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The great divide at the heart of Europe

Emmanuel Macron and Olaf Scholz: the spark has gone. Sean Gallup/Getty

“Europe’s leadership couple”, France and Germany, have “taken to sleeping in separate bedrooms”, says Paul Taylor in Politico. The gulf between the two countries can be seen in everything from “geopolitics to defence, energy policy and public finances”. At a recent Paris meeting, Olaf Scholz rebuffed Emmanuel Macron’s pitch for a joint trip to China to present a “united European front” to Xi Jinping. Germany’s leader instead travelled to Beijing with a “posse of industrialists” eager to cut deals, in open defiance of Macron’s hawkish stance. But that’s just the latest in a long list of “grievances about each other’s infidelities”.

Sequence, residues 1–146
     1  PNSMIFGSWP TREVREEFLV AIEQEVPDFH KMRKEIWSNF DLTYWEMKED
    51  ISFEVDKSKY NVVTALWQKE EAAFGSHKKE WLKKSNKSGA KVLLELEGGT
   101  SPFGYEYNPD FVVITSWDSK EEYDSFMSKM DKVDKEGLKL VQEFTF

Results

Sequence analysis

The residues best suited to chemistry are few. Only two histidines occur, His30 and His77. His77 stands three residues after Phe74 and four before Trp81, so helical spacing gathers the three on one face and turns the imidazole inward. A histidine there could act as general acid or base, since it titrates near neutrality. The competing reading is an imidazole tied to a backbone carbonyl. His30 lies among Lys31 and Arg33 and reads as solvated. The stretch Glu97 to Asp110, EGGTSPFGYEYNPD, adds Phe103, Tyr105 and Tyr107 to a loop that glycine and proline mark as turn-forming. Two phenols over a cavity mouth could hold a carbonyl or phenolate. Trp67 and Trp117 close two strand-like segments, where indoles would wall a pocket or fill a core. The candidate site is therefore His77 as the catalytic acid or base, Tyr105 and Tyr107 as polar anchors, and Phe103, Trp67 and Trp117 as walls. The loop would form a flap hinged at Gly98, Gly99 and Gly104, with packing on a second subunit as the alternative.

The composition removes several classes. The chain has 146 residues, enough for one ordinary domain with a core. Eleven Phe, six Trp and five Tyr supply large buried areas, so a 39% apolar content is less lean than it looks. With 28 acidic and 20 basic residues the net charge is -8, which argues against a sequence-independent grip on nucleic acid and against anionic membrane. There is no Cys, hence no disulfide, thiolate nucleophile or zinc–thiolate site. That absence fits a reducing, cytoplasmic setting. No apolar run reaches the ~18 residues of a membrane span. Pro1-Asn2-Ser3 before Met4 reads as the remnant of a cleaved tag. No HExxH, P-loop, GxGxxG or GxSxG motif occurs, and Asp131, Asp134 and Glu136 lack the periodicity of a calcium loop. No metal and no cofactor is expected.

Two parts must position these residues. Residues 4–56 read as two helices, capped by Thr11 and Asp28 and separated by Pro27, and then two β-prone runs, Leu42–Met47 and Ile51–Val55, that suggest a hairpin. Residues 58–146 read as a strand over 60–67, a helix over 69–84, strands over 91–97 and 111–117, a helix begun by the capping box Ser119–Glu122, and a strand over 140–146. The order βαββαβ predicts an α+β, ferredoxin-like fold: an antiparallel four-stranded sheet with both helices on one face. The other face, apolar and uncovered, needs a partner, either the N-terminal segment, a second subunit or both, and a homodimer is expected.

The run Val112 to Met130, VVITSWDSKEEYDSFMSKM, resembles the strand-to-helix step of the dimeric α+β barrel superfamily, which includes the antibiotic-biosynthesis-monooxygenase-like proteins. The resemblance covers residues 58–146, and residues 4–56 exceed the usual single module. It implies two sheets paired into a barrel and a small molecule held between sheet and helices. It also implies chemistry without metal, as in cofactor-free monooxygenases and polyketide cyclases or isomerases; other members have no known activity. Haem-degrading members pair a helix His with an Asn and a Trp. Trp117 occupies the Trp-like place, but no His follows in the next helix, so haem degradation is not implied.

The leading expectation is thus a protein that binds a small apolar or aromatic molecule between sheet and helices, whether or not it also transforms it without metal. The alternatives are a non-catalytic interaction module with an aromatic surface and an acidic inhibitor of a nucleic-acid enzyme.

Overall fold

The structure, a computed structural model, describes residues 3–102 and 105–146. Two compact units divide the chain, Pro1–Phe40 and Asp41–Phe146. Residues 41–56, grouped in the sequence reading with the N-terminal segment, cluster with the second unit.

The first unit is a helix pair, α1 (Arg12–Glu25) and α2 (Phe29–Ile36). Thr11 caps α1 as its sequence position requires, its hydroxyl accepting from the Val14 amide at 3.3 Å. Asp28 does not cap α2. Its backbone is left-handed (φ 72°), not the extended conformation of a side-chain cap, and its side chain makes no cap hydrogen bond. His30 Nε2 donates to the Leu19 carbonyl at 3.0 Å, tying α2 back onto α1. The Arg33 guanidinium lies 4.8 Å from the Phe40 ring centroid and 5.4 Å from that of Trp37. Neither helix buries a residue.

Berlin is furious with Macron for refusing to extend an existing pipeline across the Pyrenees to pump “desperately needed” gas from Spain to Germany, and instead negotiating a new underwater pipeline from Barcelona to Marseille. France, meanwhile, “can’t resist reminding Germany” about its stupid decision to close its nuclear plants, which made it reliant on Russian energy. And French officials are “incensed” that Berlin has splurged almost all its new €100bn defence fund on US-made aircraft rather than on Franco-German cooperation projects. This falling-out between the two nations is disastrous for the EU: consensus among the 27 members has only ever been achieved through the “tortured process” of French and German officials painstakingly thrashing things out. “When the Franco-German engine breaks down, nothing moves forward in the EU.”